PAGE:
I think it's time to get real in this country. Either you want something to happen, in which case you have to accept that not everyone will agree with the outcome and that's just life (get more votes next time, folks!) or you agree that everything's mostly fine as it is and harmony (or the effort towards it) is more important than results. (Quick pause while I vomit.)
Yes, it is true that you can argue that the current system prevents radical shifts and thus ensures that change, overall, can be incremental. BUT it also discourages big, sensitive issues from being tackled at all - like health care, like social security, like tax reform - all of which have been broached numerous times but always without result.
Although it is a noble goal, it's just not possible to please everyone. We are not kindergardeners playing a "no win/no lose" soccer match. We are grown-ups and the reality of life is that, for change to be enacted, some people are going to end up happy and some people are going to end up pissed off. That's life.
Monday, January 25, 2010
But, I had to post something about it because this weekend I had an awesome ass experience.
Now, if you're a woman (which most of my readers are), you'll know that positive posterior moments don't come around too often, especially after about 28, certainly not as you're careening quickly towards 40, and even less likely (with all that age crap taken into account) after you've had a baby within the last 12 months.
BUT. I. HAD. ONE. (A good moment, not a baby. We already knew that.)
I know, absolutelyfreakin amazing.
So, you ask, what has instigated this sudden self-lovin'?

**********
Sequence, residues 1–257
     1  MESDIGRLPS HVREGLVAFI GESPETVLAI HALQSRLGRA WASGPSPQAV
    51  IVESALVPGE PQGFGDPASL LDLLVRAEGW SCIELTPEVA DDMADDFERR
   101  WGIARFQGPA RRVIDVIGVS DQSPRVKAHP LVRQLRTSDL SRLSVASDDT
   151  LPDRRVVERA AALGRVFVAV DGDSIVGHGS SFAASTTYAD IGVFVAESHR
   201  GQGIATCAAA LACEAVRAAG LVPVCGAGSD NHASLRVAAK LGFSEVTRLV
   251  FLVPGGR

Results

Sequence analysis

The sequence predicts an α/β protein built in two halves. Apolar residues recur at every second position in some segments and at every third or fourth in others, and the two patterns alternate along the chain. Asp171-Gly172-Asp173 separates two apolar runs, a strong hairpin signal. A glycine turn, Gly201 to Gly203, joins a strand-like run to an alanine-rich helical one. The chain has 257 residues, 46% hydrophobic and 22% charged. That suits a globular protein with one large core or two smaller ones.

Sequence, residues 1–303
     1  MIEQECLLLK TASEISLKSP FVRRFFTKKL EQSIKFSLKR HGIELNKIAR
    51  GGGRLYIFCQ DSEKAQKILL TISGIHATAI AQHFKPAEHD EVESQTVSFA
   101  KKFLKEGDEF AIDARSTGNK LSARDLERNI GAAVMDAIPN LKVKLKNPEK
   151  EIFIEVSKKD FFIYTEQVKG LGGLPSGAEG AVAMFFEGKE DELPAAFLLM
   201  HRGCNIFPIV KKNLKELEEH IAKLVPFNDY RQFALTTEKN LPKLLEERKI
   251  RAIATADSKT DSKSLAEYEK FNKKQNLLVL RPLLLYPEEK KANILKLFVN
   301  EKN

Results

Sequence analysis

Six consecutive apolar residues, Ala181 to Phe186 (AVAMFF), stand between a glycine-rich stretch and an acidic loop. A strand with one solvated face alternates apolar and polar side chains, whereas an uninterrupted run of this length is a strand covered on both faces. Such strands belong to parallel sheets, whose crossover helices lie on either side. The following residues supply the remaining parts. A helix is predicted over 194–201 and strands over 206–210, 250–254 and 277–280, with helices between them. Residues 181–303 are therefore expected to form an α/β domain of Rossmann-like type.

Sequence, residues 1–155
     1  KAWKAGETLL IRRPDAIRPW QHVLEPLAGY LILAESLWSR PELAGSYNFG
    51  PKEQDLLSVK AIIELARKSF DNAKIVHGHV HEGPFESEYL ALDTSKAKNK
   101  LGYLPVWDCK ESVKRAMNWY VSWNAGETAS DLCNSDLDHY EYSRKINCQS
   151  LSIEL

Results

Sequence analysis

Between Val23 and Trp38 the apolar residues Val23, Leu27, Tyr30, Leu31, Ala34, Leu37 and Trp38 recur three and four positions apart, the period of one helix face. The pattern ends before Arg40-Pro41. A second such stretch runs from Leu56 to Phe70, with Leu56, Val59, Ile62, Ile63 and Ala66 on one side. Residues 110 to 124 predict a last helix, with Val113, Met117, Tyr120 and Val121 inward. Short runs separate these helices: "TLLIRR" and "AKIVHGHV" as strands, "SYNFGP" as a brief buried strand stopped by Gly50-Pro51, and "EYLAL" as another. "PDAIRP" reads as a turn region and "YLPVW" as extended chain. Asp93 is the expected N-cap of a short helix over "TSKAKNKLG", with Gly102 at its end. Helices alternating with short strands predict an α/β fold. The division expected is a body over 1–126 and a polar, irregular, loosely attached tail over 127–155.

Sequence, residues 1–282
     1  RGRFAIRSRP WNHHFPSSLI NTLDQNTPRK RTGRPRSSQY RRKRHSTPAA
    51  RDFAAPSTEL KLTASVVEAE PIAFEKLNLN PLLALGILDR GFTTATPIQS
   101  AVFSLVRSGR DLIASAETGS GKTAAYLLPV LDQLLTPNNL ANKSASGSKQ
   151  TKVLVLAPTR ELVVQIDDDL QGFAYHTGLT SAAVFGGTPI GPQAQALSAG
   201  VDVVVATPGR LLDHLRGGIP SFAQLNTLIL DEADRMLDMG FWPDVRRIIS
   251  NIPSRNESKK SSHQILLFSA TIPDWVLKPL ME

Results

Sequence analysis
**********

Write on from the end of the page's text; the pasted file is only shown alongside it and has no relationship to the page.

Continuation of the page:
Well, this weekend I went shopping with a girlfriend and found myself in Gap, a store which I don't usually shop in. Why don't I shop there? Well, it's basically a more expensive Old Navy and, since I like Old Navy just fine thankyouverymuch, I usually pass Gap by. But either which way, Old Navy or Gap, I only ever by tops there. Pants and jeans from these two establishments, I have found, tend to be made for tweens with boyish figures and stick-insect legs. To get my thighs to sausage-squeeze into their pant legs, I usually have to suffer the indignity of going up two sizes and, even then, wind-up with four inches of leg and two inches of waist too much. In short (or long, in this case), these places don't make pants for a short and hippy English gal.
But my friend, who just had a baby two months ago (and who looks absolutelyfricken amazing already by the way - gag) wanted to try on her first pair of post-baby jeans and I thought it would be a good mark of friendship to undergo the dreaded jean try-on along with her. (I mean, let's face it, next to buying a swimsuit, trying on jeans has to be the next most depressing activity for the average woman.)
Expecting disappointment galore, I picked out two different pairs of jeans in a size 12. (Even when I was at my most svelte, fitting into anything other than a size 8 or 10 jeans in this country proved to be a stretch.)
And I put them on....
And they were...
Gulp. WTF? This never happens this way! Joy of delicious joy, I had to go back for a size smaller!!!!